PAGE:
When I went to seminary I was taught the proper definition of expository preaching. I had to memorize it. However, for this post, I simply cut and paste it from the notes. (And don’t worry, I will not make you memorize this.)
EXPOSITORY PREACHING IS THE COMMUNICATION OF A BIBLICAL PROPOSITION DISCOVERED FROM A SPIRIT-DIRECTED EXEGETICAL/THEOLOGICAL INTERPRETATION OF A TEXT AND APPLIED BY THE HOLY SPIRIT THROUGH A PREACHER INTO A SPECIFIC AUDIENCE FOR THE GLORY OF GOD.
That’s it. Preach it like that and you’re good. But many say, “Don’t take people where you haven’t been.” The only problem is when I read passages like this past Sunday (Luke 9:57-62) I wonder how well I have applied it. This series has been on my heart for quite some time, and yesterday was the first of four passages where Jesus says things that are not the most comfortable for comfortable people.
Even as I prepare for the series I get nervous. Even while I preach it I am nervous. Jesus did not equivocate on things I wish he would’ve. He spoke very clearly—too clearly, in my opinion—about following him. But I think this series is necessary for us, and here is why. . .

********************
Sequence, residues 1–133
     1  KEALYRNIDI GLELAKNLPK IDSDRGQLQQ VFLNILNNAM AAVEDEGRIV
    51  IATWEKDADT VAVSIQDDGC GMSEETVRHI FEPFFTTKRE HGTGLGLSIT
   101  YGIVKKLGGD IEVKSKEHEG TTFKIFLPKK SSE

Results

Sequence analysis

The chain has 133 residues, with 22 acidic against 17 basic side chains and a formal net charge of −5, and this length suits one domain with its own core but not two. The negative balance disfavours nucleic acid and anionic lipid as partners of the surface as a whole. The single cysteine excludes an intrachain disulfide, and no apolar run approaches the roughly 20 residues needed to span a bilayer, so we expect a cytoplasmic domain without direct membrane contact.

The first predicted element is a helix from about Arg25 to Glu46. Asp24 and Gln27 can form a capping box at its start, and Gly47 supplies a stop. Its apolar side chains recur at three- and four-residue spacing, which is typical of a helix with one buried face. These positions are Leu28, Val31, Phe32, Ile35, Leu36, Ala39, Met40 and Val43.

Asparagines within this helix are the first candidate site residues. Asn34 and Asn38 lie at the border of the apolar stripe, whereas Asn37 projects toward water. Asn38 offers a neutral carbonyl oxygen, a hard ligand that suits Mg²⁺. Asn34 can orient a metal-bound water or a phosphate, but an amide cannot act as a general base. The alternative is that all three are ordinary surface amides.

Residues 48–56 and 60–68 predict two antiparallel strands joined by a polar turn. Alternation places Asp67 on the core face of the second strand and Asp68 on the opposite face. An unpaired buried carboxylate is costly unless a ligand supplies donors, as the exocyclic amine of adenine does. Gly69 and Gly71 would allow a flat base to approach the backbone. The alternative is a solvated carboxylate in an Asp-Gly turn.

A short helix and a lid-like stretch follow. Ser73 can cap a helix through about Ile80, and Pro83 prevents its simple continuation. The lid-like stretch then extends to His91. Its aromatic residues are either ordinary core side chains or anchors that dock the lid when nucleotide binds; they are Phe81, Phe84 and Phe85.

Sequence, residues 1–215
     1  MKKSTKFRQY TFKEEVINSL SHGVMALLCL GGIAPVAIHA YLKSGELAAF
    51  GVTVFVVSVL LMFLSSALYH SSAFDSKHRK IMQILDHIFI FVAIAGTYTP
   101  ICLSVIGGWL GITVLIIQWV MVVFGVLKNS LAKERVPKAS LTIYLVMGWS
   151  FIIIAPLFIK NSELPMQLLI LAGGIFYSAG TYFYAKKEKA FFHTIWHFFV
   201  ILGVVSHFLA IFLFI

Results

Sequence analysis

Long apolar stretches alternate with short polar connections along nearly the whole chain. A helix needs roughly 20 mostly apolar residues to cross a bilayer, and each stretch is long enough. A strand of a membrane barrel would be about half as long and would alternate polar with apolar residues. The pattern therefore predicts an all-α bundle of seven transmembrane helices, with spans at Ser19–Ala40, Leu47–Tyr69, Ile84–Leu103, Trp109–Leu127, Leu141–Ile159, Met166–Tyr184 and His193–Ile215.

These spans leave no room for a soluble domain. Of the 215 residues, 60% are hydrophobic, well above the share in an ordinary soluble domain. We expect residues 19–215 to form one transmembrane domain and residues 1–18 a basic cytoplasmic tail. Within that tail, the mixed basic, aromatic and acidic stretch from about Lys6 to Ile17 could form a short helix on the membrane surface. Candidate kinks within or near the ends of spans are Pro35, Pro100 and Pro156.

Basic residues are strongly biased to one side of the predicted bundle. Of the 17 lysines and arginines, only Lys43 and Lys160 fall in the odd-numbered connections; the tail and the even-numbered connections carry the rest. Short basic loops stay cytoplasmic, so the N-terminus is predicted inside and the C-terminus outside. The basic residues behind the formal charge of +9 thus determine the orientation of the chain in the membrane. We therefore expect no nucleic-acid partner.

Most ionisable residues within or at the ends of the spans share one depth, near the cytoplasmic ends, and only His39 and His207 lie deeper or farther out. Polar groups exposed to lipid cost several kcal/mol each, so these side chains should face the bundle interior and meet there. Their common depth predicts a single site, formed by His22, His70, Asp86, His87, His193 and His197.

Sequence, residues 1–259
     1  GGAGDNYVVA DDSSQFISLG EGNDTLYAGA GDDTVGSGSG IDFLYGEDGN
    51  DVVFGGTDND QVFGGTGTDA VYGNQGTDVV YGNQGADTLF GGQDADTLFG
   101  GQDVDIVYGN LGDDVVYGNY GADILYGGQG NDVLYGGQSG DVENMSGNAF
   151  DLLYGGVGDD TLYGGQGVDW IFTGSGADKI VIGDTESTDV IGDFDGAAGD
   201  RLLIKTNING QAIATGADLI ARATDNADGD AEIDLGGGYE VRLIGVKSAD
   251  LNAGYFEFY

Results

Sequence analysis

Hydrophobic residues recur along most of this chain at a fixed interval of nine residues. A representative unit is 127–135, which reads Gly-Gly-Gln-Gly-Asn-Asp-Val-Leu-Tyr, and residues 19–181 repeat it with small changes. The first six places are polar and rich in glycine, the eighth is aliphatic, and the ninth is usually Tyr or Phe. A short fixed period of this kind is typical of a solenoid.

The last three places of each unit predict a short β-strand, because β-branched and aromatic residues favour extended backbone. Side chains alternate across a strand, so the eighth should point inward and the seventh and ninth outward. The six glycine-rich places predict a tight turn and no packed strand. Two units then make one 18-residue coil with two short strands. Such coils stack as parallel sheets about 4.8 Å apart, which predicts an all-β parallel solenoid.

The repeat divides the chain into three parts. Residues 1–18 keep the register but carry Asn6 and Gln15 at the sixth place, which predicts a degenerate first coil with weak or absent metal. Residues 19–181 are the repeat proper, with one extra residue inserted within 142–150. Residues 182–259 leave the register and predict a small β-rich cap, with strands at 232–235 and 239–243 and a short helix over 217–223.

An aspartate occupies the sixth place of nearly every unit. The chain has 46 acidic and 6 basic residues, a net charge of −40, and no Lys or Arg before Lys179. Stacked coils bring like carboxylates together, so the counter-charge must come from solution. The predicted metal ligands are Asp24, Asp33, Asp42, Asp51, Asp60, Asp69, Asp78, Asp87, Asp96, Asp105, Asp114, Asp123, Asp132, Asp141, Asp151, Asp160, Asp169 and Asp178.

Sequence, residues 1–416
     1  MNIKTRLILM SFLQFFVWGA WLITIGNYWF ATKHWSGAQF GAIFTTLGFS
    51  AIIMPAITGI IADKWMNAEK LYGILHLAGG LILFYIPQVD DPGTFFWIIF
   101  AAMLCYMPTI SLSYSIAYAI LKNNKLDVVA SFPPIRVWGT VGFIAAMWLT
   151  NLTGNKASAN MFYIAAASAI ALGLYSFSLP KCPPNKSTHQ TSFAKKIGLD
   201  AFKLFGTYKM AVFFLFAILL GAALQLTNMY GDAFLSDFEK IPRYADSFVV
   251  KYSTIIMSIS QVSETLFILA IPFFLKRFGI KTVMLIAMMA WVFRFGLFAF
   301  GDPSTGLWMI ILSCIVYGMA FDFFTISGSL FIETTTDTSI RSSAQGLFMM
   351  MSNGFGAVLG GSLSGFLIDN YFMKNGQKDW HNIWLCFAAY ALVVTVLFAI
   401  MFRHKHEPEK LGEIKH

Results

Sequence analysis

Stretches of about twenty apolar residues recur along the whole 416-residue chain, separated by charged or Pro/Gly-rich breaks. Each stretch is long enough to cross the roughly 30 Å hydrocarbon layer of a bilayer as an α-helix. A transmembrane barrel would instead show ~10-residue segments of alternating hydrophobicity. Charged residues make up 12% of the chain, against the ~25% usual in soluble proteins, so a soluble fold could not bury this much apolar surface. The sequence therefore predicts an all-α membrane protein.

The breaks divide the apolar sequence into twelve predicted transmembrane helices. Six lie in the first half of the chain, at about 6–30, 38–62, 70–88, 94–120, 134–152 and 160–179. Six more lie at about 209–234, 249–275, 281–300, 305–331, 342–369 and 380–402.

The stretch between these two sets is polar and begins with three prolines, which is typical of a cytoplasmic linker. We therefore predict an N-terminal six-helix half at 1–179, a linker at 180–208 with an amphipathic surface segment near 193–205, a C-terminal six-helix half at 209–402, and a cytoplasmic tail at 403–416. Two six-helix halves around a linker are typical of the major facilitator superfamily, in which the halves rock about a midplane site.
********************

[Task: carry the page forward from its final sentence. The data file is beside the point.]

- We need to remember discipleship is a call to die: Jesus did say “Come to me all you who are weary . . . and I will give you rest” (Matt. 11:28). He wanted people to find comfort in him. I want people to find comfort in him. That doesn’t mean he is comfortable in our sense of the word. It means comforted (as in: comforted in our suffering [2 Cor. 1:3-4]). Following Jesus is the death of ourselves (Gal. 2:20) and new life in Christ (Col. 3:3).
- Our churches (read: I) make exceptions where there are none: This is where the Yeahbuts and the Reallymeans come in. “Yeah, but what Jesus REALLY meant was . . . .” I find myself trying to think about how to make following Jesus more palatable for people. The problem is that it isn’t palatable; it transforms us. Jesus expects our life and devotion. The cost is high and glorious.
I’d love to add a third point but I don’t think this really needs one. Jesus said true things. He never minced words and he needn’t call any mulligans on his phrases. Every word mattered and still matters. It rings more clearly than the clearest bell and carries more force than an atomic bomb.
My prayer for our series has been and continues to be that we allow ourselves to be bothered by these statements and come to resolution on them. That’s what I hope for myself and family as well. I’m glad you’re with us for it.